At her Soundcloud site, Marilyn Carino calls her new Little Genius album “electronic soul,” but it’s a lot more soul than electronic. Her show Tuesday night at the Rockwood took awhile to set up: with her two keyboards, and her big Gibson hollowbody guitar, and a live rhythm section, it was obvious that this was going to be a real concert, not karaoke. You could compare the former frontwoman of Brooklyn downtempo/chillout group Mudville to Amy Winehouse or to Bjork, but Carino’s a thousand times more diverse than the first one and a lot more focused than the other. Alison Goldfrapp is another singer who comes to mind, but she can’t match Carino for unadulterated, lurid sultriness. And for all the raw sensuality in her delivery, Carino can also be incredibly subtle.
This was a trippy show. The tight, purist rhythm section of jazz bassist Ben Rubin (of Dred Scott’s group) on upright bass and Shawn Pelton (of cinematic noir soundscapers Mojo Mancini) on drums launched into a hypnotic backbeat as Carino spun webs of coldly moody, processed keys that contrasted with the slyly beckoning feel of her vocals. The catchy second song of the night set Carino’s voice against eerie roto organ moving in and out of the mix and a couple of trumpet solos that took it out triumphant and satisfied. Another had Carino building a lazy indie tune out of a single brooding, acidic guitar chord; later, she delivered hushed, suspenseful yet raw gospel-tinged soul over thoughtfully minimalist, echoey Rhodes electric piano.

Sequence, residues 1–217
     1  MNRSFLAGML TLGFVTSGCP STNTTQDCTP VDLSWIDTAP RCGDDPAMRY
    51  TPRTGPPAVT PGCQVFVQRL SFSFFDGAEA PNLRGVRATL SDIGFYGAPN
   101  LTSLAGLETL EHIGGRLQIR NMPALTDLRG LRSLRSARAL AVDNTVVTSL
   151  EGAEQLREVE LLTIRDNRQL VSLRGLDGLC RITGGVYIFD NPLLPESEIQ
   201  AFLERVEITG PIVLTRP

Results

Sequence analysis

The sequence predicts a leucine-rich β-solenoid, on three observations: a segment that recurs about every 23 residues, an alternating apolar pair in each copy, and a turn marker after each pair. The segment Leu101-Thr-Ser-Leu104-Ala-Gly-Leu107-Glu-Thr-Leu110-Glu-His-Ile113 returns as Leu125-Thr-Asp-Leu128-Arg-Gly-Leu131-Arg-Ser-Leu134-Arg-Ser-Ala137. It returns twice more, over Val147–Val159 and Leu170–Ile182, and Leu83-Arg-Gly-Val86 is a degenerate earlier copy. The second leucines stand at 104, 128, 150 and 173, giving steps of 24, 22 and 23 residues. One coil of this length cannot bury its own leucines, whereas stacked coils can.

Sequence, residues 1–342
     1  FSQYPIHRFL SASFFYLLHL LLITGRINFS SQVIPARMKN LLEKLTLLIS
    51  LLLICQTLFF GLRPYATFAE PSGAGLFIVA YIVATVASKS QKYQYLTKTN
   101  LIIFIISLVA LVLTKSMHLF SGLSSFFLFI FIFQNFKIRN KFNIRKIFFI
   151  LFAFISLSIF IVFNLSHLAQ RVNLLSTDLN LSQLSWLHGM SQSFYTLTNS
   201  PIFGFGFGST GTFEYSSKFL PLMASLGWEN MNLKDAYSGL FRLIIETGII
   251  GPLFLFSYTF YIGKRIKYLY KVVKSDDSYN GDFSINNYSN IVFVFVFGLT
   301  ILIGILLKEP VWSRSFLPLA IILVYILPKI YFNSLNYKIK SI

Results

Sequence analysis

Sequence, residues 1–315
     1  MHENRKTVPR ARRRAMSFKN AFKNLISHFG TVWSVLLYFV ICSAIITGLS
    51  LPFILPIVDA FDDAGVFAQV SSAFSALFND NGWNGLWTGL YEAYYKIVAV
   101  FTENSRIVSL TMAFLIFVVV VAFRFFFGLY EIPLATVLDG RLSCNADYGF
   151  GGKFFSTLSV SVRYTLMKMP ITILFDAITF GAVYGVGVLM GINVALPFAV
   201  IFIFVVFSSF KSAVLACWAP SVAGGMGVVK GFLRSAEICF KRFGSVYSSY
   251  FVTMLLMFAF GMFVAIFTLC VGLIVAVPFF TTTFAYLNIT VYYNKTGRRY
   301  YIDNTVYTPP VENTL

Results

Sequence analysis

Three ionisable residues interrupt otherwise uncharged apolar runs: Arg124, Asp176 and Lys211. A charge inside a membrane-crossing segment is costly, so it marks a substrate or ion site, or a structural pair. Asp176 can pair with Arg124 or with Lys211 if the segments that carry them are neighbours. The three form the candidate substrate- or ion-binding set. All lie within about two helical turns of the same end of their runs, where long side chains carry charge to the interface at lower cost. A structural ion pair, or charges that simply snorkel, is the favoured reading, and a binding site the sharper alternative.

A couple of the trip-hop numbers, including one that opened with a cascade of rainstorm piano before the textures got all woozy, had a darkly mesmerizing intensity: they wouldn’t have been out of place on the live Portishead album. They hit a cool Jazzmatazz vibe toward the end of the set, a hip-hop artist joining them to elevate the laid-back atmosphere as the trumpet soared. They closed with a deliciously noir, jazzy tune and then an old Mudville song, just bass, drums, trumpet and Carino’s bracing come-hither allure.
As entertaining as this show was, there were unwanted distractions. A pair of drunken Eurotrash couples – a girl at the bar chatting up a much older guy, and a coked-up greybeard by the window with his rent-a-date, talked loudly, nonstop, throughout the concert. Which was too bad – the Rockwood doesn’t usually draw that kind of crowd, especially when there’s a good band onstage.